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All you need to know about Blood Donation

Monday 11 June 2018 - forpatient


Blood donation has its history as far back as in the 17thcentury. The medical specialists of the time are not only aware that blood was an essential element for the body to stay alive, they also know that losing too much of it dangerous for any patient. So, the experimentation to donate blood began and so was the birth of a whole new breedof heroes that gave their bloodso others may live. Several lives are being saved on a daily basis by blood donors as they give of themselves tothose in need of transfusion for surgeries and accident victims can live.
To this effect, countries around the world on every 14thday of the month of June, celebrate the World Blood Donor Day. This event was created in 2004 to serve the purpose of creating awareness about the need for safe blood donations and blood products, and also to give thumbsup to blood donors for their voluntary and life-saving donations. The day recognizes the blood donors who are committed to saving lives and it’s also used to raise awareness on the importance of blood donation.
Blood donation is not only vital for the recipient's healthbut also good for the donor. For example, before blood donation, a free blood test is performed to detect diseases such as HIV and hepatitis. Many benefits accompany blood donation, but the most important of all is the fact that you are helping to save lives.

Who Can Donate Blood?

Those suffering from chronic diseases such as cancer and leukemia and some other medical conditions cannot donate blood. If someone has HIV, hepatitis, and malaria, they too cannot be donors. You must weigh at least 50kg or more to be eligible for blood donation.
Another thing is thata donor should be able to give his or her consent, which means that for a person to donate blood, he or she must be over 18 years but not more than 60 years. Women cannot donate when they are in their menstrual cycle. They should wait at least seven days after the periods.

Is There Any Benefit for The Donors?

Medical experts believe that blood donation has numerous advantages. For example, when someone gives blood regularly, it has been shown to prevent certain diseases. Blood donation prevents hypertension, myocardial infarction, and heart attacks. People suffer from heart attacks because they have too many lipids in their blood that block the coronary arteries. These lipids, particularly low-density fats, commonly known as cholesterol, are dangerous. Therefore, it has been shown that blood donation reduces someone's blood cholesterol levels.

What Are the Types of Blood Donation?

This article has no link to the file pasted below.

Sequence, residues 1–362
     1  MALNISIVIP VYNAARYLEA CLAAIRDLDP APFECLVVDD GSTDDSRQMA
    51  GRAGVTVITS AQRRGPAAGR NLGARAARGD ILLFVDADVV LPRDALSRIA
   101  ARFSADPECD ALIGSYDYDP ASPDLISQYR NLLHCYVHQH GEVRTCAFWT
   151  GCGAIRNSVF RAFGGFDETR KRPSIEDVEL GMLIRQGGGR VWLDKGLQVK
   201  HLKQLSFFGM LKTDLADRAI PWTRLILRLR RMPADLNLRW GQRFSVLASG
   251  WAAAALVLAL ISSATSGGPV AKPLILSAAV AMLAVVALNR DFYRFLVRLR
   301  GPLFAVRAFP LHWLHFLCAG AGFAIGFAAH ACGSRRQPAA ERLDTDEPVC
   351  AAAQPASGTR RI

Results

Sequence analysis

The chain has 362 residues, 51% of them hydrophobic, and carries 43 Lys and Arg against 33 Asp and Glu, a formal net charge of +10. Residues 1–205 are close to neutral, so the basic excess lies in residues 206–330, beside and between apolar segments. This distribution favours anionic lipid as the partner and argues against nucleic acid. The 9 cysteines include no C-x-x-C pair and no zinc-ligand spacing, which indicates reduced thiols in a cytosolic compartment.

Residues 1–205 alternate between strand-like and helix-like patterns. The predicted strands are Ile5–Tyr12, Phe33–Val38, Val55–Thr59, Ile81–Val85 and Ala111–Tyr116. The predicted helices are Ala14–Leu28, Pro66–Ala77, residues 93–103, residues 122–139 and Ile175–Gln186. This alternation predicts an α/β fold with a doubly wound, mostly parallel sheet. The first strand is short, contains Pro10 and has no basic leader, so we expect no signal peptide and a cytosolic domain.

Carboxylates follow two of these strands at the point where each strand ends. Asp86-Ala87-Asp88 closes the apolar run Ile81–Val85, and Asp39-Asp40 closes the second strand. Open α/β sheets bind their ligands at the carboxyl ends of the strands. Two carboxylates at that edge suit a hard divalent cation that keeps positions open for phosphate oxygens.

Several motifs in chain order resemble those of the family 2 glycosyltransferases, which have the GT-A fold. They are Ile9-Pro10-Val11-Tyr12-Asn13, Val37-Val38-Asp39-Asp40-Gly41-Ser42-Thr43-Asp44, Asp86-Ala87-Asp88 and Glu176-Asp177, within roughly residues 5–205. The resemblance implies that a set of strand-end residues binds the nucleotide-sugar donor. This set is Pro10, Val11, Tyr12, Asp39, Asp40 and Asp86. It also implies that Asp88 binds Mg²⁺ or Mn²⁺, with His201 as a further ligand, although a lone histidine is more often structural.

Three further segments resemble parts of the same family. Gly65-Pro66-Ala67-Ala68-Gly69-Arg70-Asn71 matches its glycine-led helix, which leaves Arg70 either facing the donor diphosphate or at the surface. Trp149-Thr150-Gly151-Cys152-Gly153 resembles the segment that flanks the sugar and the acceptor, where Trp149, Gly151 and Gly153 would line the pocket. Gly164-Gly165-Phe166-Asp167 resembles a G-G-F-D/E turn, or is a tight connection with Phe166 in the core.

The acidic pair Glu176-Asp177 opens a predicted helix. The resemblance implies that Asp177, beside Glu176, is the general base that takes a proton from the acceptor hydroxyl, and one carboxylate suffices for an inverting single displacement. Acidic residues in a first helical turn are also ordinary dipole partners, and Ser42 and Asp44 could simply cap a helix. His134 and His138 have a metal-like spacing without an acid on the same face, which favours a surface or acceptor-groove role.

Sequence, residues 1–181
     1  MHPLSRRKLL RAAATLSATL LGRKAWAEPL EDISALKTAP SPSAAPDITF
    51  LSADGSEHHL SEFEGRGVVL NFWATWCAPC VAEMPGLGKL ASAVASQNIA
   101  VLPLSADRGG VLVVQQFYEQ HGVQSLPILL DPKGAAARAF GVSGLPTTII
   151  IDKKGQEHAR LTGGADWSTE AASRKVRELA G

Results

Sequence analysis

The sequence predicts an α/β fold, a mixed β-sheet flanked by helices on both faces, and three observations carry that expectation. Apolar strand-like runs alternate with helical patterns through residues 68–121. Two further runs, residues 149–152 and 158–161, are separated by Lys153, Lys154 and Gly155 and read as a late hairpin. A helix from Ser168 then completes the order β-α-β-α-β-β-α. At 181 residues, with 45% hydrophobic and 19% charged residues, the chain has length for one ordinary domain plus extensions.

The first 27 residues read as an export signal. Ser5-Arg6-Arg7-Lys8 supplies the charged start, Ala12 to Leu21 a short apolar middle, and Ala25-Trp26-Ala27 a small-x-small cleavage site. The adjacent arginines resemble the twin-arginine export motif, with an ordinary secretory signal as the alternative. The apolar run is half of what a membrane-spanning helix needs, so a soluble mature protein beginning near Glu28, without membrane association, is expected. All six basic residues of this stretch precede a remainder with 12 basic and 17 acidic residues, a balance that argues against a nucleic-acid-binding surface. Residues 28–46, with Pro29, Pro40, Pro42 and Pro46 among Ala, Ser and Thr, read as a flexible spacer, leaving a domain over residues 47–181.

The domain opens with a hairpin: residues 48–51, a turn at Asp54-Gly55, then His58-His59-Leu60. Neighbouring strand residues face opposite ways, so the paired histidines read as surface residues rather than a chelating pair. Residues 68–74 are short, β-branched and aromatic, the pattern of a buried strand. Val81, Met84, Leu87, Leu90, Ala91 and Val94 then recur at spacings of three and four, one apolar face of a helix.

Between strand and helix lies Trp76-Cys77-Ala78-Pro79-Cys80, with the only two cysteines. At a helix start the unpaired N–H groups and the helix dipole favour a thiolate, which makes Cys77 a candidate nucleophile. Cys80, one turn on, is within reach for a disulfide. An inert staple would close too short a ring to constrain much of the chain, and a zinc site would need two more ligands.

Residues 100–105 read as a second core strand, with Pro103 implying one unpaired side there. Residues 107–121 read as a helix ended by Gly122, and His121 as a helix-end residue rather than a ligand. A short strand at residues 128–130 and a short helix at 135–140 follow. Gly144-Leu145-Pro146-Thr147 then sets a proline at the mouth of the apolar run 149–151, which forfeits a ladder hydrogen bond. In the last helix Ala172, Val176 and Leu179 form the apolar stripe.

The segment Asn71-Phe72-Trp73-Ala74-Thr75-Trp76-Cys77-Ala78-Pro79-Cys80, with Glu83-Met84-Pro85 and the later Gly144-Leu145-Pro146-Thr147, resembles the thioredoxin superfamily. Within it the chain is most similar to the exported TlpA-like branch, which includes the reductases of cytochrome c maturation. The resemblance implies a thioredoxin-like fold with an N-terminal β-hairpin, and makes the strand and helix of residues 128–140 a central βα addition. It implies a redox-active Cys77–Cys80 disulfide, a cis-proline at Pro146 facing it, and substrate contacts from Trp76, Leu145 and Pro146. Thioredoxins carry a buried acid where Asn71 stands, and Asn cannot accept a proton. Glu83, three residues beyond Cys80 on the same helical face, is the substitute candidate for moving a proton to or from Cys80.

There are three types of blood donation and are classified according to who donates and sometimes why they donate.

  • A voluntary donation: in this type of donation, the blood donor appears because of his desire to donate blood without any material benefit in return.

  • Commercial Donation: where blood is donated for a monetary reward.

  • Self: this is where the blood is given to be used by him. This can happen when someone is going to undergo surgery, and the blood is frozen for use after surgery.

How Many Times Can Someone Donate?

These are two ways to do it. The first is where whole blood is donated that includes all the components including the red blood cells, plasma, platelets and other nutrients in the body. With this, a person can donate every two months, but they should not go four times a year.
The other form of donation is when someone donates the only necessary component, be it red blood cells or plasma or platelets. With this method, if you donate platelets, you can donate every 15 days up to 24 times in a year. If you donate plasma, you can donate every 48 hours.

What Is Expected of You?

The process of blood donation involves some steps: registration, assessment of suitability, donation and refreshments after the donation. Typically, it is estimated that the process could last up to an hour from start to finish. However, the donation itself usually takes about ten to fifteen minutes.

  • What to possibly wear: Anything you are comfortable with is okay. Nevertheless, make sure that the lower arm is easily accessible, especially at the elbow.

  • Food: It is a good idea to stay well fed and hydrated to limit any numbness. Avoid fatty foods before donation; fat can affect blood tests. Instead, consider foods rich in iron weeks before the donation.

  • Means of Identification:Bring a driving license or two other forms of identification to be presented at registration. For recurring donors, bring a donor card if you have one!

  • Cover up:After donation, donors will wield a new costume accessory; a bandage on the arm. Keep this for at least five hours. In case of bleeding, lift your arm over your head and press until it stops. The area can also cause bruising. If it hurts, apply the ice for the first 24 hours. After that, rest and avoid heavy exercise or heavy lifting during the day; Blood, sweat, and tears do not always go hand in hand. Avoid drinks that contain caffeine and alcohol, increase your intake of water in the first 24 hours.

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